Taking a journey back in time have been a class of Sheffield youngsters.
Pupils from Stonelow Junior School spent the last year styuding events from 100 years ago, during World War I.
The project was enabled thanks to an Heritage Lottery First World War Then and Now grant, helped along by Derbyshire Records Office, Dr Nicola Verdon, Dronfield Heritage Barn and Whitworks Adventures in Theatre.
A spokesman for the school said: “We have found out all sorts of things about what life was like in Dronfield and the people that lived here. We shared our discoveries with our community, including Dronfield’s Mayor through a celebration performance and free book. The Major was so enthusiastic about the project that he took a copy of the book for every member of the town council.
“We found out that 1917 was without doubt the grimmest year of the war for most of the country. People had already endured three years of fighting that appeared to have no end. All families had experienced losses of various kinds.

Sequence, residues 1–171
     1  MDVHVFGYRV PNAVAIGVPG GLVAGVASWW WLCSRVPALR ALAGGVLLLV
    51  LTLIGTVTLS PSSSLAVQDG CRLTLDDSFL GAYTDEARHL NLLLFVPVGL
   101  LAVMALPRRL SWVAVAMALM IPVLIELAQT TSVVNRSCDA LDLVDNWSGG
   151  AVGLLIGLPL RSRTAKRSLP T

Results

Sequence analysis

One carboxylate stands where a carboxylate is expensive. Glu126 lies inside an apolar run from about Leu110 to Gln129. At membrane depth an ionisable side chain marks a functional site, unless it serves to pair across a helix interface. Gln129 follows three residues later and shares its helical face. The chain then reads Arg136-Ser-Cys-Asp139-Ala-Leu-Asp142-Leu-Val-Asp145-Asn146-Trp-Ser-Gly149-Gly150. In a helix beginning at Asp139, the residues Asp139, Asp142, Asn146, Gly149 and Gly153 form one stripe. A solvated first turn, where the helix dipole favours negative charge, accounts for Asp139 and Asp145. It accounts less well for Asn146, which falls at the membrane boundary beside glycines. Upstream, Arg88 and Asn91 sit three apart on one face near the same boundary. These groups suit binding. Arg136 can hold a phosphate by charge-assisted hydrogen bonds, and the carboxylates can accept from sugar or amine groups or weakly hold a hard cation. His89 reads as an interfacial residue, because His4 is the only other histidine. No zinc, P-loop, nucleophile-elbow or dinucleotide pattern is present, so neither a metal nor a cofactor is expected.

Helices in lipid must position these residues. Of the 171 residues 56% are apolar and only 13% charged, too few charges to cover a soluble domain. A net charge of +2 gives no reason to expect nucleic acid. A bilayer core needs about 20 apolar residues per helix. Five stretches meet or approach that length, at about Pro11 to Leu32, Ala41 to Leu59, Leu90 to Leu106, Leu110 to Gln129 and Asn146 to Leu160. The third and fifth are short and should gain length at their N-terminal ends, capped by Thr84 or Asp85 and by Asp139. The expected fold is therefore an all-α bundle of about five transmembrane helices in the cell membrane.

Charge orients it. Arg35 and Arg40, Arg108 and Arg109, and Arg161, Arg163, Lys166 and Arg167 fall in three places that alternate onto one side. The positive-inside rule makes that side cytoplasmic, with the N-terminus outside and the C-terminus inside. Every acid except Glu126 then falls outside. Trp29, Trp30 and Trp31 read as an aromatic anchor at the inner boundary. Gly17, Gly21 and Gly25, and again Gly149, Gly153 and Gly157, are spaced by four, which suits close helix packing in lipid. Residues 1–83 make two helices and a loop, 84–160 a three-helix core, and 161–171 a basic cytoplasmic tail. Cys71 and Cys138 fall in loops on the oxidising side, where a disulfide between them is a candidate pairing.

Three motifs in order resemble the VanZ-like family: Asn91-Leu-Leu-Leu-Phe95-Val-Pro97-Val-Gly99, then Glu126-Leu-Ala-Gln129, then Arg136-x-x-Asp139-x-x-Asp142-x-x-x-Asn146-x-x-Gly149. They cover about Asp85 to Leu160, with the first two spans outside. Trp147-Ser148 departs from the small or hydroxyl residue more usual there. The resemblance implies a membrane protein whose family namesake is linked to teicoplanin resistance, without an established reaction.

“Elizabeth Mather’s 1917 story captured our imagination. She had an extraordinary and appalling 1917. Not only was her husband away fighting but her brother, John, was in the Sherwood Foresters. His parents received a letter from his commanding officer reporting his death on 23 April 1917. They didn’t get a body to bury like many families.
“And then there was the mystery of her nephew, Ernest Mather, which started on 16 July 1917. His disappearance after work at the Lucas foundry was reported in the Derbyshire Times in July 1917.
Ann Brown, the Dronfield Heritage Trust Archivist, said: “Brilliant presentation, it brought together the local experience of the First World War through the people who experienced it.